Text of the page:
England climbed out of the rubble of her drums against the West Indies in Barbados and Antigua and scored a face victory in St. Lucia, which was not completely hollow, but certainly not of any importance.
Her late recognition among the bats has been instrumental in ensuring that when a ball with your name flies from the bowler to you, there is no absolute obligation to try to scrub your name off the ball with the edge of your hopelessly slipping bat.
Mark Wood's pyrotechnic Five-For was the only real, certifiable positive in the series for England – he had as many wickets as eight in the four previous tests he had taken since 2016 – and they at least avoided scarring. 0 whitewash
Nonetheless, this series was a major failure for England against a West Indies team that played their best cricket of the millennium.
The rise of the fast bowler
The batsmen struggles in the relevant phase of the series added to the recent trend of Bowler's dominance in Test Cricket.
In the series, the bowlers of the two teams together had an average of 26.1.
Since the beginning of 2018, nine series of three or more games have been played, and bowlers have averaged less than 30 games in total. In this millennium, the Bowlers were on average only 23% of these series under 30 years old.
The collective headline average of the two teams' first innings of 19.9 was the eighth worst in test history (out of 500 series of three or more games).
England contributed with impressive consistency to this statistic – the average of the first innings of 16.4 was the second worst in 225 test series with at least three tests. The 38.6 West Indian attack's first innings strike rate was the best of any team against England (in part before the fearsome, bone-chipping West India tempo attack of 1985-86).
Overall, the test takers' collective average of test cricket since early 2018 is 19% below the value for 2001-2017 (27.6, compared to 34.0), while pacemakers are down 23% (25.4 vs. 33.1) and the spinners have declined by 13% (31.1 from 35.5).
The improvement was particularly notable during the first 20 nights of innings, when the pacemakers were on average 29% more effective (24.7 vs. 34.9), demonstrating how high-level strokes since the beginning of last year were trying to get the news without throwing a brick on your TV – not impossible, but more difficult than before.
How the rankings confirm that
The world's bowling championship scores further underscore the difficulties experienced by test bats today (just as these rankings are calculated is one of the best-kept secrets of the known universe.) It is rumored that a dodgy sub-committee of the Bilderberg Group Involved is 100 Warlocks, an escaped scientist, and an infinite number of walruses that reside in a fake volcano near the Antarctic, but they provide a reliable indicator of form and contextualized performance.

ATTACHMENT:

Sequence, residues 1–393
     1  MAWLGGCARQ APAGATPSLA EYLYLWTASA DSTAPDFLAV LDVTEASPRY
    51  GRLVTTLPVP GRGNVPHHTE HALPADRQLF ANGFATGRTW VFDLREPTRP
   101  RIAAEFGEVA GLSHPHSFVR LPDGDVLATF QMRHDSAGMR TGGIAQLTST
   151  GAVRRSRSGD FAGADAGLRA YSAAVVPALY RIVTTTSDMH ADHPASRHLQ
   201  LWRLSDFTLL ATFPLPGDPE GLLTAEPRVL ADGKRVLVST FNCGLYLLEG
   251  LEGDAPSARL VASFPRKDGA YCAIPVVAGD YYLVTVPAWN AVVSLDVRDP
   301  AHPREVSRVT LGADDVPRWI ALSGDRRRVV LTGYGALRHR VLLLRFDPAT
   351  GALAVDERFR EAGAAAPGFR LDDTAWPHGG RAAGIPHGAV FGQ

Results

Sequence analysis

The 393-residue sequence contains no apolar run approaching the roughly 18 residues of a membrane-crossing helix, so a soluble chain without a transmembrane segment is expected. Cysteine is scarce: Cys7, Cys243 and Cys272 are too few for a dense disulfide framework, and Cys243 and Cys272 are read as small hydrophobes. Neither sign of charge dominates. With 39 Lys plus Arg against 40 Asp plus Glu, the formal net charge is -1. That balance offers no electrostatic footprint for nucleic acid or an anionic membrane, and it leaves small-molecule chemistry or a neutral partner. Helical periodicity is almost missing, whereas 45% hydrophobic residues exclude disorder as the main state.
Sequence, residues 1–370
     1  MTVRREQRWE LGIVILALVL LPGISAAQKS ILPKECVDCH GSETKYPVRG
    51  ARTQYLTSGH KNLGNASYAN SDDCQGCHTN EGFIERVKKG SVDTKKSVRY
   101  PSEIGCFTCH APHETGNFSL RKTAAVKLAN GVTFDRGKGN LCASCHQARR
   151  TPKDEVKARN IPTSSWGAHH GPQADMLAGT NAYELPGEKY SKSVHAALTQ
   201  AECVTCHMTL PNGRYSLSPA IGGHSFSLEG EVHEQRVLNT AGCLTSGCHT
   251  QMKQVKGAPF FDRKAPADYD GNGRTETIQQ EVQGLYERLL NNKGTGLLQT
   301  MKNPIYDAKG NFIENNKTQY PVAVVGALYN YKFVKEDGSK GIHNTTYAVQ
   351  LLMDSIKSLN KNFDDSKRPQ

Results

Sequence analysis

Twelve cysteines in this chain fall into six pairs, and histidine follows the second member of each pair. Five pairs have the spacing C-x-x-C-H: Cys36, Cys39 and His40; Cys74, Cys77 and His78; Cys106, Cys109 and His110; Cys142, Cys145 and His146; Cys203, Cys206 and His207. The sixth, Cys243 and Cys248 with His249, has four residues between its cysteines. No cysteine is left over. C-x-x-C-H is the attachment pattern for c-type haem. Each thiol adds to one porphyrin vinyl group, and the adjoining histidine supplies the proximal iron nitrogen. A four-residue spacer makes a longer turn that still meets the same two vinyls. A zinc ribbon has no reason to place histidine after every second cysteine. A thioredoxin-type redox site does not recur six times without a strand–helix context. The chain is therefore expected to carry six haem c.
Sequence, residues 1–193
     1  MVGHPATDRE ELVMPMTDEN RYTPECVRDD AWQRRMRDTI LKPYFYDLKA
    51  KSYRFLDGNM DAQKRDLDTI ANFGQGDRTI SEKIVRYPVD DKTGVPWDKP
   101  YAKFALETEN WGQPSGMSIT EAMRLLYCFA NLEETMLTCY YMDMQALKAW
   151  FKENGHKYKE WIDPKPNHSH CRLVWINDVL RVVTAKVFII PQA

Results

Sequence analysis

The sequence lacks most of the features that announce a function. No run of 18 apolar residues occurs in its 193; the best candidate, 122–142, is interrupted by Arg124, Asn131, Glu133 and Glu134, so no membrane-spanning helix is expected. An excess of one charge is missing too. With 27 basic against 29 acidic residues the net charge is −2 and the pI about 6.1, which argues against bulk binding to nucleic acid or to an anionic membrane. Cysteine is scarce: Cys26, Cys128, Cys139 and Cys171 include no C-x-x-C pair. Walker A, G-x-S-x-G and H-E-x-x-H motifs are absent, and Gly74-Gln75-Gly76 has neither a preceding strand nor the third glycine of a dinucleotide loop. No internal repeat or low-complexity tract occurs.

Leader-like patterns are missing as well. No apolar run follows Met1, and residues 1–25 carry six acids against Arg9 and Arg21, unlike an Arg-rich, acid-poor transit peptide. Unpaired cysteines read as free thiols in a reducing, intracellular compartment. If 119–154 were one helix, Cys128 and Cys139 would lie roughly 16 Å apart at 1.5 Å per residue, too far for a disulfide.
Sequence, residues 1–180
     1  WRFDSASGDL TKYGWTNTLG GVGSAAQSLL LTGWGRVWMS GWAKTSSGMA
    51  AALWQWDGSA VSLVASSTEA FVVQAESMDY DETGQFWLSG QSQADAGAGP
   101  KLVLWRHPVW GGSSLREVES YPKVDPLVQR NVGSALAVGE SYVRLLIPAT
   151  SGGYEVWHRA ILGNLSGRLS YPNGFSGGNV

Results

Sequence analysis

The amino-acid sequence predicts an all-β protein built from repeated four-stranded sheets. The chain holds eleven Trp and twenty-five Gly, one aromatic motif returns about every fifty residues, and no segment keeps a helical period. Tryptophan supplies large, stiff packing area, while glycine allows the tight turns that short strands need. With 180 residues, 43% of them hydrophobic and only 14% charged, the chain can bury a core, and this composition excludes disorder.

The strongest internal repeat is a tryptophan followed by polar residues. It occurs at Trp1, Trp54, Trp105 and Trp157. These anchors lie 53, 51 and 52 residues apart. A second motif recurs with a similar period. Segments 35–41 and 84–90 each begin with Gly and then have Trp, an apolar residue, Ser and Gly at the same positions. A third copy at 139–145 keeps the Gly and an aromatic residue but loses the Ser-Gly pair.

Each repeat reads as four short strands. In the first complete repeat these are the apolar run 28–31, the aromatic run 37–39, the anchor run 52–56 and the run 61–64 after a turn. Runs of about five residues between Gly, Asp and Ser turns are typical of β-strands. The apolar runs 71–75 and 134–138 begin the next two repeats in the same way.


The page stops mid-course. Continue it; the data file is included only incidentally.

There is currently 17 bowlers with a rating of over 700, compared to only seven on that date in 2009.
This depth of bowling has promoted the modern trend of collapse and hard breakdown.
Basically, bats now seem more dominant and destructive when conditions and situations are in their favor, and more fragile when adversity provokes one of their many and uncomfortable minds.
England collapses more than ever before in history
England contributes to the development of the collapsing arts – since 2000, England has lost 40 times all 10 wickets in less than 100 runs in 246 tests, 35 times in 406 tests from the sixties to the nineties.
The advent of Twenty20 Cricket and the increased awareness of what is possible with a Bat attack may have reduced the mental and technical abilities required for a longer Test Match defense.
The Australian team's rapid turnaround and millennium success, made possible by the presence of an honestly unfair number of cricketing all-rounders, influenced the general approach to the test brawl around the world.
Recently, an influx of fast-paced top-class bowlers has made the brawl more difficult for at least 20 years, besides some spicy playing fields and overactive balls, than at any one time.
A comforting consolation for England may be that the striking, seemingly unyielding racket fights were shared by most teams in most places in the test world.
Stunning statistics / romance / deterrence your valentine's date
Introductory statistics in the early evening: Moeen Ali took 32 pfortets this winter with an average of 24.2 – the second-highest ranked English bowler in a test winter in the last 40 years (Graeme Swann took 37 wickets in 2009-10 and Steve Harmison (2003-04)) and Ian Botham (1979-80) each had a 32-wicker winter.
Stat corresponds to a bunch of flowers before dinner: Roston Chase was the first bowler to take an eight-wicket move, but no other wickets in a test series. He was also only the fifth man to score a century and scored a knockout round in a series (after Imran Khan (Pakistan vs. India 1982-83), Ian Botham (England vs. Pakistan 1978) and Tony Greig (England West) Indies, 1973-74) and Len Braund (England in Australia, 1903-04).
Second bottle of wine: Kemar Roach picked up 13 wickets for 95 runs in the first three innings. His first innings series average of 7.3 is the sixth best of a bowler who has played at least three tests and the third best in the last 470 qualifying series of the last 100 years (behind Muttiah Muralitharan (15 for 57 in three Tests) Lanka v. Bangladesh, 2007) and Johnny Wardle (9 for 61 in four Tests, England vs. Pakistan, 1954)).
The Deal Clincher: Joe Root has scored three times 50 in his last 20 test innings, transforming all of them into centuries. He had scored 50 11 times in his previous 20 Test innings but had not made hundreds. His last three hundreds were all in the second innings – he only had a second-innings century in his first 73 tests.